July 13, 2015. It is seven o’clock. Evening. Ninety degrees in Carrboro, North Carolina. The sun is not yet down.
I water the garden. A garden that is turning brown.
Flopping irises, the droop of the oat straw, the new cedar struggles to stand.
I water the garden. Fire flies start to appear, birds move closer and
the mulch holds the water near.
I water the garden, watching droplets form on tips of green.
When I was six my sister Molly told me the droplets your earrings for the fairies of the garden.
I believed her then. I believe her now. As more water pours into the soil and the surface comes alive.


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Fragile Facts In Process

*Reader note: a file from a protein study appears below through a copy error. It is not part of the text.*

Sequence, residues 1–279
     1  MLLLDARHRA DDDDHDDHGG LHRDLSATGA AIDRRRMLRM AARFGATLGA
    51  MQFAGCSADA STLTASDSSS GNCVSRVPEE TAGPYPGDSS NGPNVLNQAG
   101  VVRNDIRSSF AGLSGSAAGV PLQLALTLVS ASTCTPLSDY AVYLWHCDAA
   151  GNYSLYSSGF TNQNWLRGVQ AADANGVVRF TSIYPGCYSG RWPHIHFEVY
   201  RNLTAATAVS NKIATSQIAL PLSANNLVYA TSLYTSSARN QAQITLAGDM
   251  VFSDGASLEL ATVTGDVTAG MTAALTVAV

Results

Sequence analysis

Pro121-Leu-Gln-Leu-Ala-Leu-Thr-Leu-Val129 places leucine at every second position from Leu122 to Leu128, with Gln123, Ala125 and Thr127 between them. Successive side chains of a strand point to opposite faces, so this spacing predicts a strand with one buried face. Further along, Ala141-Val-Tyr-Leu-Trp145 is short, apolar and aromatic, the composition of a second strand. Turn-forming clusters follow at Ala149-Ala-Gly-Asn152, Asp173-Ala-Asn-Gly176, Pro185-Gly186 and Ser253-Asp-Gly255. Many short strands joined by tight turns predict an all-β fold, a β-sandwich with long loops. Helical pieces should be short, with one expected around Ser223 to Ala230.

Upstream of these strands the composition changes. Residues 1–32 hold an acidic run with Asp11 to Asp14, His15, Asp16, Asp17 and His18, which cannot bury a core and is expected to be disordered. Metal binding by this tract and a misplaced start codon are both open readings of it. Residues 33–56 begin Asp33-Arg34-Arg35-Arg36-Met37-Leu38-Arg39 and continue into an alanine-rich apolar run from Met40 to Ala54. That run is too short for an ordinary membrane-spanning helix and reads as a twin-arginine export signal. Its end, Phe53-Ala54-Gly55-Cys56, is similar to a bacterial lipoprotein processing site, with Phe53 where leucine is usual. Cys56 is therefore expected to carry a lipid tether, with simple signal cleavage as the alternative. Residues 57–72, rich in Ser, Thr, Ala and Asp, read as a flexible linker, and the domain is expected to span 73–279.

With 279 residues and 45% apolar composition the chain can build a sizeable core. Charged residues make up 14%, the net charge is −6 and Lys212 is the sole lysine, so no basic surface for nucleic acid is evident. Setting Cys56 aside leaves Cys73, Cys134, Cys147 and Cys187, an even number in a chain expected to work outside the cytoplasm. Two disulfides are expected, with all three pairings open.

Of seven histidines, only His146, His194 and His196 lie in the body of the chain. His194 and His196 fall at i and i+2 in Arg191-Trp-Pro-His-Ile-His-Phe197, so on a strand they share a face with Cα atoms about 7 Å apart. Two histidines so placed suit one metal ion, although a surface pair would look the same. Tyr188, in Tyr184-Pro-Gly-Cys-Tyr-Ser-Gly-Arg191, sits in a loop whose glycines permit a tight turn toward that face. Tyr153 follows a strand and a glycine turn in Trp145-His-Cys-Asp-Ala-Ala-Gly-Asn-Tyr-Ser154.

I am a mother. My mother took me to my first public library in Phoenix Arizona. I rode on the back of her bike. The library, the books became my kingdom for building a world that was not my world. Reading absorbed me. Writing threw out my secret feelings. I am a daughter. A daughter who watched her mother beat up her three older sisters in such a rage. My father left the house. When he did not leave the house, I went with him to play tennis. Well, I watched him play tennis. And fed the ducks at the pond near the tennis courts and romped my way through Encanto Park. I am my father’s daughter. Afterward, we would go to a tavern. I loved the darkness, mystery, people who I did not know and most especially the neon sign that looked like real running water. The cool waters where Budweiser came from. My dad drank Bud and I felt he was an important person. People liked my dad. As I drank my Shirley Temples they would ruffle my hair and tell me I was my dad’s spitting image. I liked that. Even if I was a girl. The land of the sky blue waters stopped when we came home late on a Sunday with booze on my dad’s breathe. Cornered by my mom’s jealousy, she held one hand on my shoulder and asked me where we had been. I didn’t want to tell, but I did. My dad had trouble that night.